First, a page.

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Let Me Hack It: Teachers’ Perceptions About ‘Making’ in Education


Abstract and Figures

Making in education is an emergent practice focusing on learners as creators of things in a collaborative fashion while promoting knowledge construction through technology, design, and creative self-expression. Teachers’ (n=33) opinions about making were studied using an online questionnaire after they had attended an online course for professional development about making in education. The results suggest that there exists a group of educators who consider making as a promising approach in education and want to promote its use in schools.
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Let Me Hack It: Teachers’ Perceptions About
‘Making’ in Education
Ville Heilala1, Mirka Saarela1, Sanna Reponen2, and Tommi arkk¨ainen1
1University of Jyv¨askyl¨a
Abstract. Making in education is an emergent practice focusing on
learners as creators of things in a collaborative fashion while promoting
knowledge construction through technology, design, and creative self-
expression. Teachers’ (n= 33) opinions about making were studied us-
ing an online questionnaire after they had attended an online course for
professional development about making in education. The results sug-
gest that there exists a group of educators who consider making as a
promising approach in education and want to promote its use in schools.
Keywords: making in education, maker movement, digital humanities,
student agency
1 Introduction
Learning digital skills and competencies is essential. It is an endless life-long
learning journey which also forces us, educators, to reflect on our ways of teach-
ing and reform our pedagogical practices. In addition to educators, the digital
world also offers endless opportunities for all other representatives of the human-
ities. The ubiquitous digital world has given rise to a multidisciplinary approach
called digital humanism, which is an area of research that unites computing and
the traditional arts, social sciences, and humanities. It is defined by the “oppor-
tunities and challenges that arise from the conjunction of the term digital with
the term humanities” [4, p. 122].
Making as a promising educational approach [1] refers to an educational
movement, which is based on learning-by-doing with hands-on activities, cre-
ation of prototypes and artifacts, and collaborating in digital fabrication labs as
learning environments makerspaces [2, 10]. Halverson states, that the maker
movement “refers broadly to the growing number of people who are engaged in
the creative production of artifacts in their daily lives and who find physical and
digital forums to share their processes and products with others” [7, p. 496].
The maker movement promotes the digital humanities and actively contributes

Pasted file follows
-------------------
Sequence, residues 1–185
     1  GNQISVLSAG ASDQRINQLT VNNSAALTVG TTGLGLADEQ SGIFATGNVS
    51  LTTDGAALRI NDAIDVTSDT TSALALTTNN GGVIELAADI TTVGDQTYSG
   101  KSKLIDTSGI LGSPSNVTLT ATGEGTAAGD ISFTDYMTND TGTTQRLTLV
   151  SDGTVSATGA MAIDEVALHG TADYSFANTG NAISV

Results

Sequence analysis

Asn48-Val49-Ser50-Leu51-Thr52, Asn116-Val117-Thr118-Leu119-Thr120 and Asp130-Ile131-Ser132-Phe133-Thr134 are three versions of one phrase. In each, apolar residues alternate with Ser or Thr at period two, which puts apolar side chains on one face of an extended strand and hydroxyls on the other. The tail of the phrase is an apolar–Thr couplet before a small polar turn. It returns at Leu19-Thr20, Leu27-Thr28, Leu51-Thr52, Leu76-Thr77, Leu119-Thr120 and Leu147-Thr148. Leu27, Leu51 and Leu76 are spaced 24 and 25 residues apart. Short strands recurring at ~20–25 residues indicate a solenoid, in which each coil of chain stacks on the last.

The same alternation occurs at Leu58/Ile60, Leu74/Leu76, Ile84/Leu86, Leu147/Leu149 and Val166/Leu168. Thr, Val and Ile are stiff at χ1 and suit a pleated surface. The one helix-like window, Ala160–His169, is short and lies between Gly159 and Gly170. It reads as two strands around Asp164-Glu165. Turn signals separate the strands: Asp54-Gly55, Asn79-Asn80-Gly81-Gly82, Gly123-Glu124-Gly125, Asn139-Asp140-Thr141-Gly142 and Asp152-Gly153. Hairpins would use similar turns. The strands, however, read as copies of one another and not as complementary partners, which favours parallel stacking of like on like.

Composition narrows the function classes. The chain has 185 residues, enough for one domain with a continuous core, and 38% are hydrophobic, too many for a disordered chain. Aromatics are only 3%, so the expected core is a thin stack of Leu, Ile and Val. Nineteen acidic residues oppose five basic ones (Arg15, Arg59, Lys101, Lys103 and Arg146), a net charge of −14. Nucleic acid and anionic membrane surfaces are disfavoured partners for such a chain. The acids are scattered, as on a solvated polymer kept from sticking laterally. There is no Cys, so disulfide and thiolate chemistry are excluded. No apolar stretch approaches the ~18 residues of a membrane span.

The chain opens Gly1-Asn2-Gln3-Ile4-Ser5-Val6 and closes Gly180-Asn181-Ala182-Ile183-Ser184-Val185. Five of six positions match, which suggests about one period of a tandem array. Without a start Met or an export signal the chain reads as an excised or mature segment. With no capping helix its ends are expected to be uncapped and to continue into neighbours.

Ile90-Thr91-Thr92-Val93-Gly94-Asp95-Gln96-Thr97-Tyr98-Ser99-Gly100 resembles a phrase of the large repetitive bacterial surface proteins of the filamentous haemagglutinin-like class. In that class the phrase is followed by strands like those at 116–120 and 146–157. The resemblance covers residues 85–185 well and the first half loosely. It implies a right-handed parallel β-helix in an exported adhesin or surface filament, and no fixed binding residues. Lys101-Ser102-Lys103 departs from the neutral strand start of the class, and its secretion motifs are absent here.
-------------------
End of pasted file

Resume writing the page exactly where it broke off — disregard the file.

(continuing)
to it by emphasizing informal learning through creativity, peer-interaction, and
digital tools [11, 9].
The theoretical basis of the maker movement is founded on the experiential
learning by Dewey, constructionism according to Piaget and Papert, and Freirean
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This is an Author Accepted Manuscript version of the following chapter: Heilala V., Saarela M., Reponen S., Kärkkäinen T.
(2020) Let Me Hack It: Teachers’ Perceptions About ‘Making’ in Education. In: El Moussati A., Kpalma K., Ghaouth
Belkasmi M., Saber M., Guégan S. (eds) Advances in Smart Technologies Applications and Case Studies. SmartICT 2019.
Lecture Notes in Electrical Engineering, vol 684. Springer, Cham. The final authenticated version is available online at:
2 Ville Heilala et al.
critical pedagogy [2]. Making allows students to acquire technical skills and to
construct mental models about troubleshooting and problem decomposition [5],
thus, having a close resemblance to the underlying aims of computational thinking
[15]. In this regard, the maker mindset is to be developed through playful exper-
iments in asset- and growth-oriented, failure-positive, and collaborative manner
[10]. Clapp et al. suggest, that “the core educational outcomes of maker-centered
learning concern the development of agency and character” [6, p. 163].
The research about making has been concentrating on developing STEM
learning and enhancing programming skills and computational thinking, while
the materials used in making range from latest digital tools and software to more
traditional and tangible materials [13]. The recent research has been focusing on
learner’s point of view, and especially quantitative research from the teacher’s
perspective has been scarce [13, 1].
The purpose of this paper is to examine Finnish teachers’ opinions about
making in education after they have attended an online course called Let Me
Hack It during which they developed their competencies in making more
specifically creativity, technology, and programming in an educational con-
text. Teachers’ competencies relating to the educational use of making were ex-
amined through the lens of technological pedagogical content knowledge (TPACK)
[8]. Furthermore, teachers’ opinions about making in education and the reasons
to attend the course are studied.